In addition to requiring policies prohibiting bullying and harassment, effective complaint procedures, and information sharing in current reporting systems, SSIA also provides opportunities for professional development to prevent bullying and harassment and student education programs. This is a critically important bill that will make a real difference in the lives of ALL students nationwide. That is why this bill is supported by over 110 leading national organizations in the fields of education, health, youth development, civil rights and religion.

PFLAG National:

Specifically, today’s letter to you involves three bills: [t]he Safe Schools Improvement Act (SSIA), [t]he Student Non-Discrimination Act (SNDA) and [the] Every Child Deserves a Family [Act] (ECDF).

PFLAG is the nation’s largest family and ally organization.  It is comprised of parents, families, friends and straight allies united with people who are lesbian, gay, bisexual and transgender LGBT)[,] and has more than 350 chapters and 200,000 members and supporters crossing multiple generations of American families in major urban centers, small cities and town and rural areas in all 50 states.

PFLAG’s values are America’s values.  We believe that the welfare, safety and well-being of our children, all of our children, is an American value with a high priority that merits your attention.

Here are some of our earlier participants – more support for safe schools.

PFAW will continue to update you as we approach April 11, this year's Day of Silence – an annual event organized by the Gay, Lesbian, and Straight Education Network (GLSEN) that is meant to draw attention to the "silencing effects" of anti-gay harassment and name-calling in schools and to be a way for students to show their solidarity with students who have been bullied.

Just today we released a new policy toolkit, Education Without Discrimination: Creating Safe Schools for All Students.

Please also check out PFAW's report on Big Bullies: How the Religious Right is Trying to Make Schools Safe for Bullies and Dangerous for Gay Kids and its 2012 update.

PFAW

Bullying, harassment, and hate crimes – got data?

In an effort to ensure equal opportunity, the Department of Education’s Civil Rights Data Collection surveys schools nationwide on a range of topics including staffing and finance; college and career readiness; and discipline. The most recent survey, for the 2009-2010 school year, asked about bullying and harassment for the first time in its 44-year history. The American Association of University Women analyzed the data on sex-based bullying and harassment.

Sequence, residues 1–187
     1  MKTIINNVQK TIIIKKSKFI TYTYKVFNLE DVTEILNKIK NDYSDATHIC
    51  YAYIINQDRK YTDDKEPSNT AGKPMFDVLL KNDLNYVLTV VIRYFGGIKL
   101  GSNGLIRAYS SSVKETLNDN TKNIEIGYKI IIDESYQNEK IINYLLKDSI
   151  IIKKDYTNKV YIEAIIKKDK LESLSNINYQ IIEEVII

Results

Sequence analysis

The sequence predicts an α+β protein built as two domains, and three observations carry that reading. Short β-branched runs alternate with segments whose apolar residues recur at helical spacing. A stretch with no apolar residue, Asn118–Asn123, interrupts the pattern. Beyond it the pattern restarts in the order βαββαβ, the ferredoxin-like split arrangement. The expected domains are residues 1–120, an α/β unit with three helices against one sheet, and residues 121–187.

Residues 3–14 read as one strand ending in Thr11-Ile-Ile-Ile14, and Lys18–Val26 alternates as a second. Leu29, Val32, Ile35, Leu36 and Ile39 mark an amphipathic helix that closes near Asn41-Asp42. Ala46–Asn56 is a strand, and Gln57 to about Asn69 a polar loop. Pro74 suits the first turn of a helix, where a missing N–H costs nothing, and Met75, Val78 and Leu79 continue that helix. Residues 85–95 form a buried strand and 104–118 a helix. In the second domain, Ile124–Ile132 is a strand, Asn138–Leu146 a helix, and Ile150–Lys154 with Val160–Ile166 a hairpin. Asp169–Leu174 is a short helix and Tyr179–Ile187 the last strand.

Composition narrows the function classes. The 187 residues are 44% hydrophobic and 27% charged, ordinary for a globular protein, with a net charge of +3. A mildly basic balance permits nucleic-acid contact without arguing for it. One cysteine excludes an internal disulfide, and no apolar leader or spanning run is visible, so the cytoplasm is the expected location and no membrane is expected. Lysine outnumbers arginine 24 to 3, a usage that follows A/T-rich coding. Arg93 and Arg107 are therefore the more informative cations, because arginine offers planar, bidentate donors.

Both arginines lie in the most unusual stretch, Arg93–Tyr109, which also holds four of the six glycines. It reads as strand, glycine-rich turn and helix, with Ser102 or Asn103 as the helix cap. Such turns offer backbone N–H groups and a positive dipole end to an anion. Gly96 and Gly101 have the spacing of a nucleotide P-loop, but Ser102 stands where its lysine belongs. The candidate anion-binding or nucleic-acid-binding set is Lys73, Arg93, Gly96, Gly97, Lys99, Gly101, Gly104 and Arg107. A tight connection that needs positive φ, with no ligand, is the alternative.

As you can see, 14 of the 20 largest districts reported no bullying and harassment. If there really were no incidents, that would be great, and our work there would be done. But it’s hard to believe that’s the case given AAUW’s own data and that provided by the Gay, Lesbian & Straight Education Network. (While sexual orientation and gender identity aren’t named on the DOE survey, LGBT youth often get caught up in other types of bullying incidents, especially those that are sex-based.)

For NYC, there's plenty of data. Yet their official report included no allegations of bullying and harassment. Not on sex. And not on race or disability. Then take a look at a much smaller district, my home of Jackson Local Schools. With just over 5,700 students, they reported 2 sex-based allegations, and 1 each for race and disability.

Similar inconsistencies are found when you look at hate crimes data. Nobody wants incidents like this to happen, but it’s pretty clear that they are happening.

According to the Anti-Defamation League:

The largest number of law enforcement agencies (14,977) since the start of the hate crimes annual report in 1990 participated in the 2010 collection of data. Yet, only 13 percent of these participating agencies reported a single hate crime to the FBI, which was the lowest number of agencies reporting one or more hate crimes since the 2002 report. Disturbingly, thousands of law enforcement agencies nationwide did not report to the FBI, including at least three agencies in cities with populations of 250,000 or more and at least twelve agencies in cities with populations of 100,000 to 250,000.

With a population of over 400,000 in 2010, Miami has reported zero hate crimes in each of the last 5 federal reporting years, yet the state report lists 11 for Miami-Date County in 2010 alone. And Toledo, OH, which has over 300,000 residents, hasn’t even participated. WTOL: “Chief Mike Navarre says that it's not because they don't have them. His department doesn't have the manpower to separate hate crimes from the 75,000 reports they take a year.” In contrast, Massillon, OH, a city of just 33,000, reported 2 incidents.

Whatever the reasons for underreporting or nonreporting might be, the data is still critically lacking. Lisa Maatz of AAUW:

Transparency is a first step toward understanding sexual harassment in our schools and is necessary to make schools a safer place for all students to learn.

We can’t adequately address the problems of bullying, harassment, and hate crimes without understanding how far they reach. And a federal government collection of data, with uniform definitions and requirements, is the only way that we will get a useful national picture. Only then can we hope to accurately compare one area with another and effectively track where our efforts need to be focused.

PFAW